1 of 1
By Felix Adamo
By Richard Beene
Kudos: Hats off to Bob Lerude, the county Parks and Recreation director who has been honored for saving taxpayers' dollars. The Kern Citizens for Sustainable Government, an advocacy group dedicated to promoting responsible government spending at the local level, will honor Lerude this week for finding ways to save more than $300,000 by contracting out services for three remote parks.
Driller: Another Driller success story, compliments of Don Bollard: "My wife, Roberta, taught home economics at BHS for many years. She loved teaching there and is very proud of the school and the students she taught there. Our daughter, Kathleen, graduated from BHS in 1976. Went on to get her BS at Santa Clara, her MS and Ph.D. from Cal and is now the vice president for academic affairs at the University of Colorado. Another Driller success story."
Overheard: A young man is asked what he did that day. His response: "We bought a carton of cigarettes for a guy who just had a stroke."
Litter: And just when you think things can't get much worse, they do. De Rhodes was driving downtown last week when she spotted two women in a large SUV casually tossing trash out their car windows. "These women threw out of all of their Sonic trash onto K Street as they left the Sonic parking lot. As though that weren't enough, they continued to throw out even more accumulated garbage from their vehicle onto L Street (right in front of KGET), as they waited for a green light at 21st Street. Then, not once, twice, or even three times, they did it four times as the proceeded south on L Street, not missing one business in their path. Even Sequoia Sandwich Shop (which keeps its property soooo clean) got sacks full deposited near their front door. I can't say they even stopped pitching trash because I turned east onto 18th Street. Just once, I was able to pull along side their Explorer long enough to thank them for throwing out their garbage all over town. As you have no doubt assumed their car windows were rolled down affording them the 'quick pitch,' so they listened just long enough to thank me muttered with a whole lot of expletives, obscene gestures and something about "whoopin my ___."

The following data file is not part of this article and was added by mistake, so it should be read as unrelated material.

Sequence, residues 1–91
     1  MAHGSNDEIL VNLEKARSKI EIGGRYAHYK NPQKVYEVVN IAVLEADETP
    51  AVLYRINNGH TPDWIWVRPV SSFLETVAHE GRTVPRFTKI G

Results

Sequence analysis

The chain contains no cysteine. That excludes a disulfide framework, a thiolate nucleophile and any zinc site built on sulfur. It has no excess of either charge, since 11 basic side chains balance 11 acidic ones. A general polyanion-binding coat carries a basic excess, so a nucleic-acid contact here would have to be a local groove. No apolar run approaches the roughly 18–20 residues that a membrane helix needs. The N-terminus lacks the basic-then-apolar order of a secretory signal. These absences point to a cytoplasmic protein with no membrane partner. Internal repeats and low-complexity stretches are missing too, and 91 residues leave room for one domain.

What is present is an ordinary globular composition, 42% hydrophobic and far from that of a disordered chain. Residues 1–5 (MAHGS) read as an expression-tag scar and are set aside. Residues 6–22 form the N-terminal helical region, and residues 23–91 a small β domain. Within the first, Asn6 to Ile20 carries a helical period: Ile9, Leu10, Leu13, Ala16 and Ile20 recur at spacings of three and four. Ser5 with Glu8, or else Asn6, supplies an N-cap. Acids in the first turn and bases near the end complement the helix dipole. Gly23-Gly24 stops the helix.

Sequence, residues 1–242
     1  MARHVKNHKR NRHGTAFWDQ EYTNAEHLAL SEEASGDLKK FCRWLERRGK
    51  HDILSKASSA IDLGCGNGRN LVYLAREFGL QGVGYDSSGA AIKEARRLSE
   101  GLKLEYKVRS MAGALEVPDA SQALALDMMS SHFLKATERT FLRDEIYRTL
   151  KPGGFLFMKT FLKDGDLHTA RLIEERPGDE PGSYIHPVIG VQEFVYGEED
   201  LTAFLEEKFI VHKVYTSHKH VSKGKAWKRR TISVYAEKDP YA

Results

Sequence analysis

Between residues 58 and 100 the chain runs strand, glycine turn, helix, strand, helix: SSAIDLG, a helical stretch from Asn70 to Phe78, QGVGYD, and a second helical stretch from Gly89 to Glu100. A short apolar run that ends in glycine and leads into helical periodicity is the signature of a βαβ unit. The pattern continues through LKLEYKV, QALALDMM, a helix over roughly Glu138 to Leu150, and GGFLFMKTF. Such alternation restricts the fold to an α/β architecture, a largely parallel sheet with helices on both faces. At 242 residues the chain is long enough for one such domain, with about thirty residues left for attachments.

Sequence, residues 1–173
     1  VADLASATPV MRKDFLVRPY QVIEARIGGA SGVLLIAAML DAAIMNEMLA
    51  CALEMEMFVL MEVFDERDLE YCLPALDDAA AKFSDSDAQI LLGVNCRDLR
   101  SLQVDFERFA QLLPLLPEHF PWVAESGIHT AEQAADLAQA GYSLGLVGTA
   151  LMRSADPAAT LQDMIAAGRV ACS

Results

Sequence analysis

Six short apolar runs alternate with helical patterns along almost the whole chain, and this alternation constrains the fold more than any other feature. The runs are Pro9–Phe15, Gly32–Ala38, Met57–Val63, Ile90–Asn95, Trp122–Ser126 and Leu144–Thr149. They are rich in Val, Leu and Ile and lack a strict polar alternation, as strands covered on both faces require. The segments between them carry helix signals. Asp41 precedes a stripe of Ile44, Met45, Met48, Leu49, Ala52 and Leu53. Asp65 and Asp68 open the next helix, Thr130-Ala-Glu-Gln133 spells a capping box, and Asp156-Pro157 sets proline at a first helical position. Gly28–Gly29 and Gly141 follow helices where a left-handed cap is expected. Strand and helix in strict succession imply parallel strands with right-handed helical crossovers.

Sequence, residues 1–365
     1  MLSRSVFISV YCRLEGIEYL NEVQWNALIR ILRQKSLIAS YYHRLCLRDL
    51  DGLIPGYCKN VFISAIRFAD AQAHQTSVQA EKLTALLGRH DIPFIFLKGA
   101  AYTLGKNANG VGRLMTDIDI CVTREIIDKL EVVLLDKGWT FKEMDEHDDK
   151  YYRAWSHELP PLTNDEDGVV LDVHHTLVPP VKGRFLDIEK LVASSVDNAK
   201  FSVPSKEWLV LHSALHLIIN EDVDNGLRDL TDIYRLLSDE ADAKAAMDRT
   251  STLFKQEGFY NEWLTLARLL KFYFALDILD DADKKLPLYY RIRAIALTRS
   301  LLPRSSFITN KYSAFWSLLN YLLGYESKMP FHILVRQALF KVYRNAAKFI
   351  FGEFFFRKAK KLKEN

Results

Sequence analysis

Cy's: A question about who remembers the old Cy's Coffee Shop downtown drew this response from Sandy Oliver: "Donna Semar (posed a) question why her husband referred to Cy's as Robin Hood's. I believe is because the restaurant that replaced it was called The Robin Hood. My brother-in-law, Al Goetschalckx, owned the restaurant. He and Cy May were very good friends, and Al leased the building and bought all the fixtures from Cy. The Robin Hood burned down, I believe, in the early 1960s. Cy May then moved to the location on Union Avenue."
More Cy's: And then there was this from reader Paula Rodenburg: "My mother, Eve Pocorena, was a waitress at the Cy's Coffee Shop on 18th and Union from the early 1950s until 1960 when she and my dad, Larry, had saved enough money to pay off their mortgage and she could quit her job. She took her last weekly paycheck of $35 before tips and bought me a Pekingese puppy which I named Puppins, my first dog. Her boss was Cy May, and she got a real kick out of working for him ... At that time the old Route 99 was the only way in and out of Los Angeles from the north, so she served quite a few famous celebrities including John Carradine, father of Keith and his siblings. She remembered John coming in with five children and always talked about how well-behaved the children were. When my sister, now Patti Sergent, went to nursing school in Los Angeles, my mom and dad made her come home on weekends to hostess at Cy's -- Mr. May was kind enough to give her a job. It was Patti's first time away from home, and they were trying to keep her out of trouble. Didn't work!"
Richard Beene is president and CEO of The Bakersfield Californian. He blogs at www.bakersfieldobserved.com. These are his opinions, not necessarily those of The Californian. Email him at email@example.com.